Gov’t Says Releasing Reports On Dakota Pipeline Spill Would ‘Endanger Peoples’ Lives

Posted on May 1, 2017

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A banner flies in the Dakota Access Pipeline protest camp near Cannon Ball, North Dakota, U.S. on January 24, 2017. REUTERS/Terray Sylvester/File Photo

Chris White

2:11 PM 04/26/2017

Releasing information about a possible Dakota Access Pipeline spill could pose a serious threat to local citizens, according to the agency responsible for approving the contentious oil project.

Army Corps of Engineers rejected a Freedom of Information request earlier this month for the assessment report on potential environmental impact of a spill, digital media group MuckRock reported Tuesday. The agency rejected the request out of concern people

“I am withholding the requested document in its entirety,” Army Corps District Council Damon Roberts told MuckRock in response to the request. “The referenced document contains information related to sensitive infrastructure that if misused could endanger peoples’ lives and property.”

Army Corps’ comments come as activists continue to push for more information about possible oil spills from the so-called DAPL.

U.S. District Judge James Boasberg decided in March that the company behind the project could hide information about leak points at areas along its route. He argued the exception was necessary to prevent possible acts of vandalism in the future.

Members of the Standing Rock Sioux and other DAPL opponents believe information disclosing the route’s leak points could bolster their arguments that the line needs further environmental studies. The project will shuttle 500,000 barrels of Bakken oil from the Dakotas to parts of Illinois.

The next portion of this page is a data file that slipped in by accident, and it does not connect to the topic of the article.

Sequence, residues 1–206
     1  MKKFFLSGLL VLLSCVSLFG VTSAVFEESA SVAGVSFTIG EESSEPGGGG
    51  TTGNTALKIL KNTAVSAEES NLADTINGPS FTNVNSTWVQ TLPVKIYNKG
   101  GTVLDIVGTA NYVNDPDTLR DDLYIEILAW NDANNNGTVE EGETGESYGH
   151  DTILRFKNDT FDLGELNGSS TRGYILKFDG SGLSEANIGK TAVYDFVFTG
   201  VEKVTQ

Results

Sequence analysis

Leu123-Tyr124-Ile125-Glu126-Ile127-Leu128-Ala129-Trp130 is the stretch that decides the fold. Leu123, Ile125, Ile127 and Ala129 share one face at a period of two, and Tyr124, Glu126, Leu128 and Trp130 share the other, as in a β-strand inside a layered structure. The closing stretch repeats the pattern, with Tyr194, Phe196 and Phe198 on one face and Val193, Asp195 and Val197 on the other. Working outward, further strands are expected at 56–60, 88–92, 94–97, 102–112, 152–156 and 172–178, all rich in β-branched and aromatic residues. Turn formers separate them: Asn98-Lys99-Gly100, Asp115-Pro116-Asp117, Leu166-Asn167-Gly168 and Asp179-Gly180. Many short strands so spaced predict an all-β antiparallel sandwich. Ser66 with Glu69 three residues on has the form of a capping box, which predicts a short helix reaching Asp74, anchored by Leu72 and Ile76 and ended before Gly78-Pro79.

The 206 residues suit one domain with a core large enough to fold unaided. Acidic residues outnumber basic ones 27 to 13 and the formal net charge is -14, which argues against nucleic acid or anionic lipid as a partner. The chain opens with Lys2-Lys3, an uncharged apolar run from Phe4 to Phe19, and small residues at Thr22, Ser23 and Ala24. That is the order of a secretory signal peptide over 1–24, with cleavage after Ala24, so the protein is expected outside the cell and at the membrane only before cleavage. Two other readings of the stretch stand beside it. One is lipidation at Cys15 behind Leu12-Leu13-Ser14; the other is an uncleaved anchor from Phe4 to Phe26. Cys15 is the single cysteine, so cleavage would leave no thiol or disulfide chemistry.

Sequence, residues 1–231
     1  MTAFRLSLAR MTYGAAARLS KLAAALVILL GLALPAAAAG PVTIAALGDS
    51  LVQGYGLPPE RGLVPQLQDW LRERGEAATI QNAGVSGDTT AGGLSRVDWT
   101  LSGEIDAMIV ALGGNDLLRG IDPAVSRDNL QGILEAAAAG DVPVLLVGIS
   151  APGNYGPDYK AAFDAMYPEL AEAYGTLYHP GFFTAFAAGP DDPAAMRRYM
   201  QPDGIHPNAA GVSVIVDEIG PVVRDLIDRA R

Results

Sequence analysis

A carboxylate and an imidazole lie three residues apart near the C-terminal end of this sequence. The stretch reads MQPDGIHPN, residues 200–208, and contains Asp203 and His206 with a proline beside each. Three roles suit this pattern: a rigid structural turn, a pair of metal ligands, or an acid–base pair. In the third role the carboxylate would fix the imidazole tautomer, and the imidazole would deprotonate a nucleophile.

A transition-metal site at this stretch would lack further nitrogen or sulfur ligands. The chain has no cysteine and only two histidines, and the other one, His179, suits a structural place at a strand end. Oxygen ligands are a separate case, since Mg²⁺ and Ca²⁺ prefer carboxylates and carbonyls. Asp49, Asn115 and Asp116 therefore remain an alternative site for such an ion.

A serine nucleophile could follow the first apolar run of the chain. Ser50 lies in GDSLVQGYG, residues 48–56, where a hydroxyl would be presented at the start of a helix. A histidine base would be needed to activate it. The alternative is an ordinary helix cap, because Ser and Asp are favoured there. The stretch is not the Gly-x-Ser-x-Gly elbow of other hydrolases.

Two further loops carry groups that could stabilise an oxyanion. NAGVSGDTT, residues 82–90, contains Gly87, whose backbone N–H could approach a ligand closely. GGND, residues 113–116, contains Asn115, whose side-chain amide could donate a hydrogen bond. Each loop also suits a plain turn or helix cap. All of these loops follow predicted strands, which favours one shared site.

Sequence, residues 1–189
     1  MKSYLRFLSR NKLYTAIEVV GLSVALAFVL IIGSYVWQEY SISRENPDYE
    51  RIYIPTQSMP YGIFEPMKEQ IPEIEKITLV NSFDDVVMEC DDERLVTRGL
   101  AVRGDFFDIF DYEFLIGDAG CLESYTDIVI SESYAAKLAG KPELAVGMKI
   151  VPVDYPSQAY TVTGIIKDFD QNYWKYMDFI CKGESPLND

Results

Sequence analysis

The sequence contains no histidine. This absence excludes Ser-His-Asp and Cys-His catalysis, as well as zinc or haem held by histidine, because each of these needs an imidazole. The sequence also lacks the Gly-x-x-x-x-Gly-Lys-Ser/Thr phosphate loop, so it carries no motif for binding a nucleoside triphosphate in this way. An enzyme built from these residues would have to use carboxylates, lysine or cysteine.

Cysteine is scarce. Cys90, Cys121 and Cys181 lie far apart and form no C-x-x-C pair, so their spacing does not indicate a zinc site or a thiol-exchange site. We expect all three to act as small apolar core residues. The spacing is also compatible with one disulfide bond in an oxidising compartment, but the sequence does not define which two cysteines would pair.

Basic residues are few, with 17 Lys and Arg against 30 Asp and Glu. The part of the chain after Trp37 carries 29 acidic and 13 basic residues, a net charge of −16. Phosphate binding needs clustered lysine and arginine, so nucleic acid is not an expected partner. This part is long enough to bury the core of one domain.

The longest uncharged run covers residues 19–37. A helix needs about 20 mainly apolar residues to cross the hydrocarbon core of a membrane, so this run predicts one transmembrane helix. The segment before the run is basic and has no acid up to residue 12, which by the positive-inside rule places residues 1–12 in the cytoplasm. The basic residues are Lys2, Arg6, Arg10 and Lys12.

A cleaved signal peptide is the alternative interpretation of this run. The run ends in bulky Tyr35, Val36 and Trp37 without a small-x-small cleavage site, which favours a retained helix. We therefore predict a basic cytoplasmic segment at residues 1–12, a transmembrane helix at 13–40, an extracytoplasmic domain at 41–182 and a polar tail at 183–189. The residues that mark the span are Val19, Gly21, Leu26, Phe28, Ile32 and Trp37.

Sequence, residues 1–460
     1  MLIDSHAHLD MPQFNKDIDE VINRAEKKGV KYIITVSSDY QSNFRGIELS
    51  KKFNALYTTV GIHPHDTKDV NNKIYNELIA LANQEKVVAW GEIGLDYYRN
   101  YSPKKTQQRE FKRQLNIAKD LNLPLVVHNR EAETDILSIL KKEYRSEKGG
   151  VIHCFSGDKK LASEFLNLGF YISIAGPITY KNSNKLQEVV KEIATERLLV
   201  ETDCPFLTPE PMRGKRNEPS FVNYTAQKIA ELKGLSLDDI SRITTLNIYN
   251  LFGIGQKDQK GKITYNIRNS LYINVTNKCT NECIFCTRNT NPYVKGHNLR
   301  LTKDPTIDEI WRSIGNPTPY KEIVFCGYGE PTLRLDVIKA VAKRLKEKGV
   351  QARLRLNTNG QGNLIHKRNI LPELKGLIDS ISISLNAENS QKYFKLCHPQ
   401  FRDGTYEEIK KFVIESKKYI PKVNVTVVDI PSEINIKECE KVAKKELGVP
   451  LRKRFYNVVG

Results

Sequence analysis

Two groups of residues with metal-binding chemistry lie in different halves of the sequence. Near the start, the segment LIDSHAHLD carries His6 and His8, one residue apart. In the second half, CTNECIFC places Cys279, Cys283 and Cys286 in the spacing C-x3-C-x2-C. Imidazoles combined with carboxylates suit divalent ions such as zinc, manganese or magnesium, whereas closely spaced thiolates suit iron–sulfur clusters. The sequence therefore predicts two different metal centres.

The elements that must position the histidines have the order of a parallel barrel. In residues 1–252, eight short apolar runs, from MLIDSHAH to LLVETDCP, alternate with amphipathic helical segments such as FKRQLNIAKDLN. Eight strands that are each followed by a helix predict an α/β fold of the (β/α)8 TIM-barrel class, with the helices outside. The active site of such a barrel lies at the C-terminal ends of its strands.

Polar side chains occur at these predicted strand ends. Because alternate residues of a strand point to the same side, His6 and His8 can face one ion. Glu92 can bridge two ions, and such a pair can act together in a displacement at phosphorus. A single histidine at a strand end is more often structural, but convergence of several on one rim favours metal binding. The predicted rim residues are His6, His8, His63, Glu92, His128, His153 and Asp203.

Energy Transfer Partners, the company behind the project, has already “modified the pipeline workspace and route more than a hundred times in response to cultural surveys and Tribes’ concerns regarding historic and cultural resources,” Boasberg wrote, referring to the analysis that went into an environmental impact assessment the Army Corps of Engineers conducted prior to approving the line.

Law enforcement officials investigated two separate incidents in March of vandalism in Iowa and South Dakota involving holes torched in sections of the multi-billion-dollar line, which officially started shuttling oil earlier this month.

A small hole was burned into the pipe at an unguarded valve site in South Dakota, Lincoln County Chief Sheriff’s Deputy Chad Brown told reporters at the time. Nobody was arrested or punished for the sabotage effort.

Some analysts argue the vandals would have been instantly incinerated had oil been coursing through the line at the time of the torching. More than 600 demonstrators have been arrested throughout the year-long anti-DAPL protests.

Army Corps has not responded to The Daily Caller News Foundation’s request for comment.

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